Despite knowledge of the interlinkage between climate change, migration and health, quality health information, research and data pertaining to this topic are scarce, and therefore not widely applied in the design and implementation of interventions and policies. To address this, the WHO Health and Migration Programme (PHM) has launched a call for applications of interest to address this from academic experts in the field of health and migration. It is also essential to adopt a gender lens, as gender will affect the impact climate change may have on an individual’s health and well-being. Mobilizing communities, strengthening health information systems, and ensuring public health and health system response are inclusive of vulnerable communities, migrants and refugees is the only way to ensure not only quality health information for evidence-based decision making but also inclusive and effective policy responses which meet the needs of these populations. Universal Health Coverage (UHC) will not be achieved unless we place communities at the forefront of every action, promoting equity and inclusivity, and ensuring that no one is left behind.
- Create an opportunity for key stakeholders to discuss the need for increased community engagement and strengthened data collection and research for evidence-based policymaking.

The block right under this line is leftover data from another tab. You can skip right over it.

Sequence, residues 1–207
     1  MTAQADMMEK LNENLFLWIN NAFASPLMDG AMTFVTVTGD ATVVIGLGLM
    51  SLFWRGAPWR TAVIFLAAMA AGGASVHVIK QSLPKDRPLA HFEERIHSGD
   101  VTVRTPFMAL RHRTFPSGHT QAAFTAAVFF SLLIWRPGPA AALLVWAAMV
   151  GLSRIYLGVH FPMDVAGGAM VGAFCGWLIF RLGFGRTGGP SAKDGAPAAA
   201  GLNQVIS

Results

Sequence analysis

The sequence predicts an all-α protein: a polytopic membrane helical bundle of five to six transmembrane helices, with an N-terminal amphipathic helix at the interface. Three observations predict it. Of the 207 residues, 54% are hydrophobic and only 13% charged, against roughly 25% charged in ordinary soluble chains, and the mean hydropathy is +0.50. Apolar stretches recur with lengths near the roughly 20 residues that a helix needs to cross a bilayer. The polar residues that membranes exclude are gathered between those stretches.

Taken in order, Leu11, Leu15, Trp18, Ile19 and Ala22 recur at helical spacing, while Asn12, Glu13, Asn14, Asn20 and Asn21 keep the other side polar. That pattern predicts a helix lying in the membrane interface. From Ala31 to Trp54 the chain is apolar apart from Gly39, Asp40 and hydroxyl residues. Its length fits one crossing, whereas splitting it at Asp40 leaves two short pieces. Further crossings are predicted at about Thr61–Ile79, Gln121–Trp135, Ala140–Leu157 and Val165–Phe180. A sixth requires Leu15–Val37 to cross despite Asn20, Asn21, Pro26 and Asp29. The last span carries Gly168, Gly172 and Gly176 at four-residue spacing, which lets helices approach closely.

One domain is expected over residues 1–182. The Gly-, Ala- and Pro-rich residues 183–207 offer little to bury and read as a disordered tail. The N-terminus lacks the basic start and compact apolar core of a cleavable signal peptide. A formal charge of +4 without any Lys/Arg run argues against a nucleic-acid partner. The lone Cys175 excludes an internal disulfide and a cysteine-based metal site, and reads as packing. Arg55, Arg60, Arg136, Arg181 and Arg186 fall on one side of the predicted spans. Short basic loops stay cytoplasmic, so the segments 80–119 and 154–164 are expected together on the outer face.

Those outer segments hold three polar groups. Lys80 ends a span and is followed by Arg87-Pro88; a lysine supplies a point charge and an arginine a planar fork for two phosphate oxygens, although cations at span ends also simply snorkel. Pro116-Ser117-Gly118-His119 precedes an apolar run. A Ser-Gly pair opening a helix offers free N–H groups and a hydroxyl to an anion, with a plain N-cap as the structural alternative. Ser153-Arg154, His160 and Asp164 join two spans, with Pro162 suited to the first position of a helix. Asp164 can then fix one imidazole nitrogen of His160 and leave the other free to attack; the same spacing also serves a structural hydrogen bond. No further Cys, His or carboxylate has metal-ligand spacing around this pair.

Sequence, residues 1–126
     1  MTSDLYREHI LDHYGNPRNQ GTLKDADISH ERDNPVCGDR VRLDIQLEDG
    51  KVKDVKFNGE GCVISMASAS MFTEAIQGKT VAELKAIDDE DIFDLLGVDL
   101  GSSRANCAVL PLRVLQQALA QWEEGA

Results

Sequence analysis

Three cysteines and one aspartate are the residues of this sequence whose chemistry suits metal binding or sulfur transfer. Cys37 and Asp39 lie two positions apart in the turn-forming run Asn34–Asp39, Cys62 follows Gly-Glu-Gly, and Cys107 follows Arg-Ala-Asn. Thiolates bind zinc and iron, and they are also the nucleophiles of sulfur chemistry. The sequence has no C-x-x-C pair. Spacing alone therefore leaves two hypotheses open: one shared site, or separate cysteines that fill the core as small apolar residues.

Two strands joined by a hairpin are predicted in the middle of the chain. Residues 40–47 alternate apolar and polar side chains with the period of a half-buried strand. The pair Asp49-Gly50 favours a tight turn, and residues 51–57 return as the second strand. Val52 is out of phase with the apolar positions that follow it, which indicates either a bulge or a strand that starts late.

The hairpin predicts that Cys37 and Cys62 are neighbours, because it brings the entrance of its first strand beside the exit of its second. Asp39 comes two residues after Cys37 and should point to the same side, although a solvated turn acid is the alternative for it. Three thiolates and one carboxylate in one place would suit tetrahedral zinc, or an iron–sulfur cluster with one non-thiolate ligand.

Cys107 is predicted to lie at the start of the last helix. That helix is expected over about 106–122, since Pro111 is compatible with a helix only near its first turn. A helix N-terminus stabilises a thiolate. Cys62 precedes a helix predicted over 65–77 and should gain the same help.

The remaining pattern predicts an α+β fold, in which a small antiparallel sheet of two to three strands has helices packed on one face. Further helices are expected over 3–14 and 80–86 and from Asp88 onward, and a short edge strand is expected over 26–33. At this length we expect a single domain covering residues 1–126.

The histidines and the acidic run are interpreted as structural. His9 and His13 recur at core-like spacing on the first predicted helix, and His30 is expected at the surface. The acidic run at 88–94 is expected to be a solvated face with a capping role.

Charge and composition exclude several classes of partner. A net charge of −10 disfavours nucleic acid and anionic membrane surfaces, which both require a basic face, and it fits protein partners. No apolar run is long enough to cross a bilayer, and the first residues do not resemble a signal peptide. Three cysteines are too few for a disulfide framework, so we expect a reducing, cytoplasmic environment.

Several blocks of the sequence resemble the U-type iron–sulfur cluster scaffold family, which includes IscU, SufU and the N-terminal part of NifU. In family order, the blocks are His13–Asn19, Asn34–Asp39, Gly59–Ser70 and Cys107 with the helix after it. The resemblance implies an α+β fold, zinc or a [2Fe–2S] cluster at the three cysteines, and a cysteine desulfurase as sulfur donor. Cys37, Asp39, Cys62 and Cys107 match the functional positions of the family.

- Present key findings from existing case studies that have started to explore and unpick the climate change, migration and health nexus in different regions, following a gender-sensitive approach and promoting the inclusion of community and civil society voices.
- Build on relevant discussions held at the COP26, as well as the outcomes of the South-South Symposium on Climate Change, Migration and Health, to be organized by IOM and held in October 2022 in Morocco.
- Discuss the existing barriers of vulnerable communities, refugees and migrants to accessing health services. Identify the main challenges and opportunities for action in adaptation and mitigation efforts; sharing experiences, lessons learned, and good practices; and fostering multi-sectoral and intergovernmental collaborations and linkages between academia, civil society, policymakers and practitioners, among others.
- Renew and strengthen the commitment and engagement from all relevant actors to work together on the topic.
- Agree the need for increased community engagement and strengthened data collection and research for evidence-based policymaking, and agree priorities for research agenda.
- Kirsten Hagon, Senior Analyst, IFRC Humanitarian Policy, Climate Change, Policy and Diplomacy Unit
- Masako Ueda, Regional Migration, Environment, and Climate Change (MECC) Specialist at IOM Regional Office for Middle East and North Africa (MENA)
- Hon. Stephen Mule, MP Matungulu Constituency and Chair of the African Parliamentary TB caucus
- Dr. Maria Guevara, International Medical Secretary (IMS), Médecins Sans Frontières (MSF)/ Doctors Without Borders
- Viengakhone Souriyo, Executive Director, Community Health and Inclusion Association (CHIAs), Lao People’s Democratic Republic (online)
- Professor Ibrahim Abubakar, Dean, UCL Faculty of Population Health Sciences and Chair of Lancet Migration: global collaboration to advance migration health (online)
- Prisca Chisala, Director of Programmes and Development, Malawi Red Cross Society
- Dr Ali Ardalan, MD, PhD, Regional Adviser at WHO Regional Office for the Eastern Mediterranean (online)